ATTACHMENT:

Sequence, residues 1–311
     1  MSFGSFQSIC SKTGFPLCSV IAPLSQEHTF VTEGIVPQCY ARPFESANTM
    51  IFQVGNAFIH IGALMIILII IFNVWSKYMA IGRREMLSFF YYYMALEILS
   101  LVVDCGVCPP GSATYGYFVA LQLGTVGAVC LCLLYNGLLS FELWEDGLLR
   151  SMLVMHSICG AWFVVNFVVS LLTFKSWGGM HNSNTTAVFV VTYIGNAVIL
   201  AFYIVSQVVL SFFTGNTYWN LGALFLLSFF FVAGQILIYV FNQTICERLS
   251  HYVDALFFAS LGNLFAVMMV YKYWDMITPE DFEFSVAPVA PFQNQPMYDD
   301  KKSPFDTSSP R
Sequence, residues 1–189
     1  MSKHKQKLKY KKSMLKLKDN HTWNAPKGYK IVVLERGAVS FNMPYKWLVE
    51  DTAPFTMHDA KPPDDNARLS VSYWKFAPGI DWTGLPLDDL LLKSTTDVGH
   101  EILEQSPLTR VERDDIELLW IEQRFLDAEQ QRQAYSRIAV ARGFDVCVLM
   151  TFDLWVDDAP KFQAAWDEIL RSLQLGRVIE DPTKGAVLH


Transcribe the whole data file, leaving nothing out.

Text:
Sequence, residues 1–311
     1  MSFGSFQSIC SKTGFPLCSV IAPLSQEHTF VTEGIVPQCY ARPFESANTM
    51  IFQVGNAFIH IGALMIILII IFNVWSKYMA IGRREMLSFF YYYMALEILS
   101  LVVDCGVCPP GSATYGYFVA LQLGTVGAVC LCLLYNGLLS FELWEDGLLR
   151  SMLVMHSICG AWFVVNFVVS LLTFKSWGGM HNSNTTAVFV VTYIGNAVIL
   201  AFYIVSQVVL SFFTGNTYWN LGALFLLSFF FVAGQILIYV FNQTICERLS
   251  HYVDALFFAS LGNLFAVMMV YKYWDMITPE DFEFSVAPVA PFQNQPMYDD
   301  KKSPFDTSSP R
Sequence, residues 1–189
     1  MSKHKQKLKY KKSMLKLKDN HTWNAPKGYK IVVLERGAVS FNMPYKWLVE
    51  DTAPFTMHDA KPPDDNARLS VSYWKFAPGI DWTGLPLDDL LLKSTTDVGH
   101  EILEQSPLTR VERDDIELLW IEQRFLDAEQ QRQAYSRIAV ARGFDVCVLM
   151  TFDLWVDDAP KFQAAWDEIL RSLQLGRVIE DPTKGAVLH